As I grew into my twilight years, in one last desperate attempt, I settled for changing only my family, those closest to me. But, alas, my family would have nothing of it.

I was thinking about People Change the World, And now as I lie on my deathbed, I suddenly realize: If only I had changed myself first, then by example I would have changed my family.

From their inspiration and encouragement, I would have been able to better my country and, who knows, I may even have changed the world.”

An understanding of the aura and unifying etheric field can help to further understand why this is the case, that is, why it is necessary to turn inward and give attention to the inner world to change that which is outward in the outer world. The pure auric energy around spiritually enlightened people radiates from them and positively influences the hearts and minds of the people around them. The person becomes a role model for others to emulate. The consciousness-uplifting impact extends even further through the ether to which everyone is naturally connected. When positive intentions and thoughts propagate, they automatically feed through to other individuals and eventually manifest as positively transformational and beneficial actions on a collective level. The growing self-awareness of individuals leads to a global expansion of consciousness, making them become more intimately familiar with global issues and needs. A sufficient number of spiritually advanced souls and a powerful enough uplift are all that is needed to change the entire world positively and move humanity upward on a higher spiritual level. The mass spiritual awakening happening today is an example of such momentum in progress.

In the external world, showing generosity or altruism to someone in public can motivate others to do the same. Volunteering to assist people and engaging in community services are outward means to changing the world. All religions emphasize expressing such compassion because of its immense social benefits, but it also benefits the individuals who help others by creating a happier mood. Moreover, a strong spiritual and compassionate disposition and grounding gives authenticity, a guiding moral framework, and clear principles, develops empathy, and creates divine connections for untold advantages.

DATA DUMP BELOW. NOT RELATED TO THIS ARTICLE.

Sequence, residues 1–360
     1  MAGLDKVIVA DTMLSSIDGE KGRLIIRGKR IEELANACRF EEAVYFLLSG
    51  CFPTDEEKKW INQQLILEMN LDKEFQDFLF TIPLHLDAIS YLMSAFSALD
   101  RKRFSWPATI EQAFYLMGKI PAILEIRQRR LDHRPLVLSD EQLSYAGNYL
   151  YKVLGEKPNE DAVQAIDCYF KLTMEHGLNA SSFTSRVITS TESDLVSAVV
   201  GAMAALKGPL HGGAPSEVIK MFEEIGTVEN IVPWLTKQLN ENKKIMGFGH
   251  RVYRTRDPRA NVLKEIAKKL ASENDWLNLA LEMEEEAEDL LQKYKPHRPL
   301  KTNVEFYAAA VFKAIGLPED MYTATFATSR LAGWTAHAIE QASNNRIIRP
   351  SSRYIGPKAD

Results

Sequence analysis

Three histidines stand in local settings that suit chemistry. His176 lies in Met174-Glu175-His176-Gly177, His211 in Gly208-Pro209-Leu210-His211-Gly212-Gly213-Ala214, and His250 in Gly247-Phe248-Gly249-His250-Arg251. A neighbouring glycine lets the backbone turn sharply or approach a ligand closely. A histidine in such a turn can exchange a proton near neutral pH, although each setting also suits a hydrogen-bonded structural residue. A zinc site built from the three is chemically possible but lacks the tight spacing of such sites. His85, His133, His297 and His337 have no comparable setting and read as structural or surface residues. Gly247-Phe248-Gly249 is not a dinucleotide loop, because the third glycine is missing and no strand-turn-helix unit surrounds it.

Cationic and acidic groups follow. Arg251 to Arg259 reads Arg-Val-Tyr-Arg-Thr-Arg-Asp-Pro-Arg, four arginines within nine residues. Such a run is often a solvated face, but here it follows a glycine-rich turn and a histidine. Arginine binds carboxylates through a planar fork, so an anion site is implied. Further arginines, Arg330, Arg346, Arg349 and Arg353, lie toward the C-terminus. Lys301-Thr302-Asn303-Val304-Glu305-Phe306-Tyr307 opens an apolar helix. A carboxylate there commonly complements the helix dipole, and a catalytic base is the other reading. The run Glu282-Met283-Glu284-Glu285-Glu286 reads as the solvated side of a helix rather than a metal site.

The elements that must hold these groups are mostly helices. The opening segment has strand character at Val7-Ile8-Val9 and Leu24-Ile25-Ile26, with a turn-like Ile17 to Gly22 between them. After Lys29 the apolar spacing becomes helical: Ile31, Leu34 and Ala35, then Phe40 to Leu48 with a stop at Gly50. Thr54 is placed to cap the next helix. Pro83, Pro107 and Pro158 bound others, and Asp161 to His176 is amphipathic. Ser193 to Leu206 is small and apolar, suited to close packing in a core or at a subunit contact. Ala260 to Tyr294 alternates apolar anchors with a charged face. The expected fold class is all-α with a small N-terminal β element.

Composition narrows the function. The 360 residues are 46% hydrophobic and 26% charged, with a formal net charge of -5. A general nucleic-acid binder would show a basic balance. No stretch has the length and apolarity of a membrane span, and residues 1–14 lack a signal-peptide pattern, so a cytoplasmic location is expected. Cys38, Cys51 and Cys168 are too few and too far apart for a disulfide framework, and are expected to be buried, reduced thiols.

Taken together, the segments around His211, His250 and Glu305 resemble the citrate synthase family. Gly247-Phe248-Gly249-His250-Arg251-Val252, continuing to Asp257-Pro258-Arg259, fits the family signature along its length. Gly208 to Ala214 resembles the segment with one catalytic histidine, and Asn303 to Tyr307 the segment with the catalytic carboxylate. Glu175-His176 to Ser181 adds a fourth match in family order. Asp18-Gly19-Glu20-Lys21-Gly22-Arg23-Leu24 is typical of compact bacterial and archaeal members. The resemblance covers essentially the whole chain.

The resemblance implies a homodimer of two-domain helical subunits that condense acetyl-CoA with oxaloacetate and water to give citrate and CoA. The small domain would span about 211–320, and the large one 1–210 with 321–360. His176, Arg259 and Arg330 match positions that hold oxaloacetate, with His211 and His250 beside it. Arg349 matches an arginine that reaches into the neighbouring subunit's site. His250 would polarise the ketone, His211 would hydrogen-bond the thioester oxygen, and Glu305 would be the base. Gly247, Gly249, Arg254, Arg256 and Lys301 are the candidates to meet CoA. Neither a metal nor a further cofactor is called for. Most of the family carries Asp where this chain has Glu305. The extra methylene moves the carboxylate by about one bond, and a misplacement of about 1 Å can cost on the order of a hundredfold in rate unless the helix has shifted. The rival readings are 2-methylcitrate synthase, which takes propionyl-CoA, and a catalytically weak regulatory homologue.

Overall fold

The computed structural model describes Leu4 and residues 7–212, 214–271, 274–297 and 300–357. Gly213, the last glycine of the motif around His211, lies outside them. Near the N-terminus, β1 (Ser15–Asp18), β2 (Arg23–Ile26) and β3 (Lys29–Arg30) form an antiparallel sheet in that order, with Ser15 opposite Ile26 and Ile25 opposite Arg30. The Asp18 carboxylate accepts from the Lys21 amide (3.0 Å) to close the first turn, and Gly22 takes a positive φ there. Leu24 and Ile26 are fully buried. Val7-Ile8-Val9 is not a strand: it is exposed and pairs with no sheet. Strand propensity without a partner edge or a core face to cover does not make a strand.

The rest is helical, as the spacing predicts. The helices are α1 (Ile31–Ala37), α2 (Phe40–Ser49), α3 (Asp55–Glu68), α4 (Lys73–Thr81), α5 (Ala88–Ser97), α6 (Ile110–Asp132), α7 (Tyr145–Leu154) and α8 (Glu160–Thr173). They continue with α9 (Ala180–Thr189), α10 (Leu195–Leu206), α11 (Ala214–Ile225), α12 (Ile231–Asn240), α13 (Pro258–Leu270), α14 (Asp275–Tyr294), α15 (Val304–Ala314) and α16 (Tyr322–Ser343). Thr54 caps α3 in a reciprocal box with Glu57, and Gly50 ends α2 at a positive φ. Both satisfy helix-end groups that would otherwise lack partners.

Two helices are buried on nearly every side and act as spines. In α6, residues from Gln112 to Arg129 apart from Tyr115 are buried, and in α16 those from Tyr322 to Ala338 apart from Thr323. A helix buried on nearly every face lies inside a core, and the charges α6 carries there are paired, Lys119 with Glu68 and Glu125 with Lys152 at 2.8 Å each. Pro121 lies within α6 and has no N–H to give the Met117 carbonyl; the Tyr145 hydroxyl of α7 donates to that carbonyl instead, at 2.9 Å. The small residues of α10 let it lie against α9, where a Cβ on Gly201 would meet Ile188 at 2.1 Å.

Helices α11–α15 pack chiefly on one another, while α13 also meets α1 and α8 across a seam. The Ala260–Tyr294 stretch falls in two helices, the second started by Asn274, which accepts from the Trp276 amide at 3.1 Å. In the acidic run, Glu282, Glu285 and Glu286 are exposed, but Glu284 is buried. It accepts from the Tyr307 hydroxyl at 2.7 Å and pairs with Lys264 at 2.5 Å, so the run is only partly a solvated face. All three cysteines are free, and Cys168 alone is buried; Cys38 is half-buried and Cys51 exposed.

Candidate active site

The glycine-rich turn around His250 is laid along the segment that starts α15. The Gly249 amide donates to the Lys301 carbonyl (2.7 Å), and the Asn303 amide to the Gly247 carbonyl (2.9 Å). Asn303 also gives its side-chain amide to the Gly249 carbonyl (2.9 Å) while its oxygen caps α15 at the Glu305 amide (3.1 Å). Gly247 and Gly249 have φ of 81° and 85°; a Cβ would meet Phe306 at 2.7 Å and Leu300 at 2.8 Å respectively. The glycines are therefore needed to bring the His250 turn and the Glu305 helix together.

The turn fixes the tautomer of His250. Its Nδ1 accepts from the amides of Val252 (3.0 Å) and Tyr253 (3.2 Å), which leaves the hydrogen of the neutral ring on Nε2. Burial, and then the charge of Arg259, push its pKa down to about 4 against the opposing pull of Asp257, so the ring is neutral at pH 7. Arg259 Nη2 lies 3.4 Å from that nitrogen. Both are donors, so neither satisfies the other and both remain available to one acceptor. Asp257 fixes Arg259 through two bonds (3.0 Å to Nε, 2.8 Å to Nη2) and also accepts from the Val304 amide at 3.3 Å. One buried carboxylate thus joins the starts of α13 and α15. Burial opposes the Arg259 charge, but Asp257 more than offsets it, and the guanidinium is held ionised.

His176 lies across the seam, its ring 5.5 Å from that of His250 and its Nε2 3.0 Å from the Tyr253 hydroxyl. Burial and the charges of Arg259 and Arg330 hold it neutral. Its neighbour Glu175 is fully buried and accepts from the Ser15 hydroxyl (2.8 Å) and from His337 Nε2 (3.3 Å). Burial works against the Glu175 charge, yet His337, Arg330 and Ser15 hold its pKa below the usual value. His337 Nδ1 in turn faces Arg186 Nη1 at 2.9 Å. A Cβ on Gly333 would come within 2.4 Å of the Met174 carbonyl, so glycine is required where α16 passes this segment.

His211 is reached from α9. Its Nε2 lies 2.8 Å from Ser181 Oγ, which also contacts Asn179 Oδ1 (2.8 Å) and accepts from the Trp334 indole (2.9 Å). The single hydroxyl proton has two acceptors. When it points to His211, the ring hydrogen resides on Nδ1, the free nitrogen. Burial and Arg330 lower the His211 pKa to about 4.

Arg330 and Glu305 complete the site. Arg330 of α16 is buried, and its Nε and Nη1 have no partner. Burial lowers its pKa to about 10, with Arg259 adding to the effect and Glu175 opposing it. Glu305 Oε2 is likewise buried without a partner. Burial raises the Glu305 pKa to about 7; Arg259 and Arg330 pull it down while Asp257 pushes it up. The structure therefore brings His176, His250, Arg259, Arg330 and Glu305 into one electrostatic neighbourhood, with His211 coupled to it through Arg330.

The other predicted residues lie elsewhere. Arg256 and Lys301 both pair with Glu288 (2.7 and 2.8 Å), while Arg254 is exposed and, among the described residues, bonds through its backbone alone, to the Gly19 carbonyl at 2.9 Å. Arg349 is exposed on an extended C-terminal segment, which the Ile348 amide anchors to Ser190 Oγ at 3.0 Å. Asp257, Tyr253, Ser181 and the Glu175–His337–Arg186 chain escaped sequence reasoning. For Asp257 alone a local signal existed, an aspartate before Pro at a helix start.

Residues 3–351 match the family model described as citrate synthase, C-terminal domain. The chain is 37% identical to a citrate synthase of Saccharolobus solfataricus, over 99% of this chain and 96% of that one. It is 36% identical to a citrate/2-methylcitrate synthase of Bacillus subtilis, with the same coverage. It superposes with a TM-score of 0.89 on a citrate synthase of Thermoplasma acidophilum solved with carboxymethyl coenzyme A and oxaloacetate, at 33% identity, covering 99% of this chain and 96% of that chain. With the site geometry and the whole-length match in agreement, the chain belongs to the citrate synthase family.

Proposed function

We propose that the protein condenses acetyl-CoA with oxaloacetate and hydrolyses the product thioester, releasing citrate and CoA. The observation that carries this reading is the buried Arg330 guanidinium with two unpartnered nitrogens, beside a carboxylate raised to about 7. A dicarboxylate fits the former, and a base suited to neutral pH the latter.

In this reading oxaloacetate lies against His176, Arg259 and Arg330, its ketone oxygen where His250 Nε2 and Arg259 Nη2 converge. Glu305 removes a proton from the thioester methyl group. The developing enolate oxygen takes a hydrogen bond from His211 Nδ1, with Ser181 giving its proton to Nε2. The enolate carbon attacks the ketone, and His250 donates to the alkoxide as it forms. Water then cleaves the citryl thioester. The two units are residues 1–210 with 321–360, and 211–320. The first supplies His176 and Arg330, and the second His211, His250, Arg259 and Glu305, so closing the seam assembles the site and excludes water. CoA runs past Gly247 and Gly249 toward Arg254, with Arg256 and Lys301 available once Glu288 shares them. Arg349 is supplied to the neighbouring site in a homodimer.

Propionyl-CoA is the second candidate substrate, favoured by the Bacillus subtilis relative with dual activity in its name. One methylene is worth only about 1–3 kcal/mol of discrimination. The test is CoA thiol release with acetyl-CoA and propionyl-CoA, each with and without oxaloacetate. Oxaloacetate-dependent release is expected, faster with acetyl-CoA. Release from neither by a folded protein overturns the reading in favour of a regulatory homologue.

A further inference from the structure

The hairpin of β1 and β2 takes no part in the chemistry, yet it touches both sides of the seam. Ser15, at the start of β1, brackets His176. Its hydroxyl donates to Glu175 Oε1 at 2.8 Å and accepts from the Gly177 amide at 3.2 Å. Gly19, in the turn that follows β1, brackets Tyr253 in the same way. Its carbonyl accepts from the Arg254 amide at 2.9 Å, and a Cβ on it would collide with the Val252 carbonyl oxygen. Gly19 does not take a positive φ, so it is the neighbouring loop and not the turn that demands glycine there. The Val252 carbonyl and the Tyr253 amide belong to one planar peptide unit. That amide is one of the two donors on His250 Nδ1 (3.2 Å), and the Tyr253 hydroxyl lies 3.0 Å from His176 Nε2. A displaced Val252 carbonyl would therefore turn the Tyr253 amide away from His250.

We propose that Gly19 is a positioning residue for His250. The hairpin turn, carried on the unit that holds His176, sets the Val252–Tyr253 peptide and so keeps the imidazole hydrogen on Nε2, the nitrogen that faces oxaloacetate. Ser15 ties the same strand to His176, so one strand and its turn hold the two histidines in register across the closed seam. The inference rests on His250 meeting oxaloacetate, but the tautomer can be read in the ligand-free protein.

Many individuals have also unknowingly created powerful ripples in society. For instance, Rosa Parks’s refusal to give up her seat on a segregated bus helped to end the unfair racial discrimination on public transport in the US and emboldened the civil rights movement in the 20th century. Countless more people are unsung heroes who have change the world positively in small and big ways. One can also work with other like-minded individuals if the mission to change the world seems daunting by joining socially beneficial group projects. Every little effort goes towards bringing the change to fruition. However, spiritual seekers should pay greater and persistent attention to their own spiritual development while also engaging in activities that serve humanity.


[1] Transcendental Meditation in America: How a New Age Movement Remade a Small Town in Iowa. Joseph Weber. University of Iowa Press.

[2] How to change the world, Unhurried Living. https://www.unhurriedliving.com/blog/how-to-change-world.